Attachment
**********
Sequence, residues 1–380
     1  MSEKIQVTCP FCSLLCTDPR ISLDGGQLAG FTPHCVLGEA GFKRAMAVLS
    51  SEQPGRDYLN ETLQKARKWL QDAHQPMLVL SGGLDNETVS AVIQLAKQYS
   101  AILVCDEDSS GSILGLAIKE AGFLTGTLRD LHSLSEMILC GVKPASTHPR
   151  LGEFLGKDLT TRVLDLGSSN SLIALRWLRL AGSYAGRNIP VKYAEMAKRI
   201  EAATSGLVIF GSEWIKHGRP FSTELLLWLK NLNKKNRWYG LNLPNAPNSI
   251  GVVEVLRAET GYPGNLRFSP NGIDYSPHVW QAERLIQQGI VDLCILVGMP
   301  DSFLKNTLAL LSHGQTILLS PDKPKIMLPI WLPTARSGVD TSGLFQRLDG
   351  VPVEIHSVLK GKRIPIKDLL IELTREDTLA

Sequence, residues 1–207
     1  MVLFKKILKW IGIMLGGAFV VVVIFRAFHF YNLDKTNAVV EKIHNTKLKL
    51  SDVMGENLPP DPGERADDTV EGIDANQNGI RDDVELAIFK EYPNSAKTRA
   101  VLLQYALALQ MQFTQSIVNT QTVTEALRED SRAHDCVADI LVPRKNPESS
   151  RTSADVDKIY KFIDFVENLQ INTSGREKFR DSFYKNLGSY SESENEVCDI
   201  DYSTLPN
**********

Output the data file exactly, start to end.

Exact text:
Sequence, residues 1–380
     1  MSEKIQVTCP FCSLLCTDPR ISLDGGQLAG FTPHCVLGEA GFKRAMAVLS
    51  SEQPGRDYLN ETLQKARKWL QDAHQPMLVL SGGLDNETVS AVIQLAKQYS
   101  AILVCDEDSS GSILGLAIKE AGFLTGTLRD LHSLSEMILC GVKPASTHPR
   151  LGEFLGKDLT TRVLDLGSSN SLIALRWLRL AGSYAGRNIP VKYAEMAKRI
   201  EAATSGLVIF GSEWIKHGRP FSTELLLWLK NLNKKNRWYG LNLPNAPNSI
   251  GVVEVLRAET GYPGNLRFSP NGIDYSPHVW QAERLIQQGI VDLCILVGMP
   301  DSFLKNTLAL LSHGQTILLS PDKPKIMLPI WLPTARSGVD TSGLFQRLDG
   351  VPVEIHSVLK GKRIPIKDLL IELTREDTLA

Sequence, residues 1–207
     1  MVLFKKILKW IGIMLGGAFV VVVIFRAFHF YNLDKTNAVV EKIHNTKLKL
    51  SDVMGENLPP DPGERADDTV EGIDANQNGI RDDVELAIFK EYPNSAKTRA
   101  VLLQYALALQ MQFTQSIVNT QTVTEALRED SRAHDCVADI LVPRKNPESS
   151  RTSADVDKIY KFIDFVENLQ INTSGREKFR DSFYKNLGSY SESENEVCDI
   201  DYSTLPN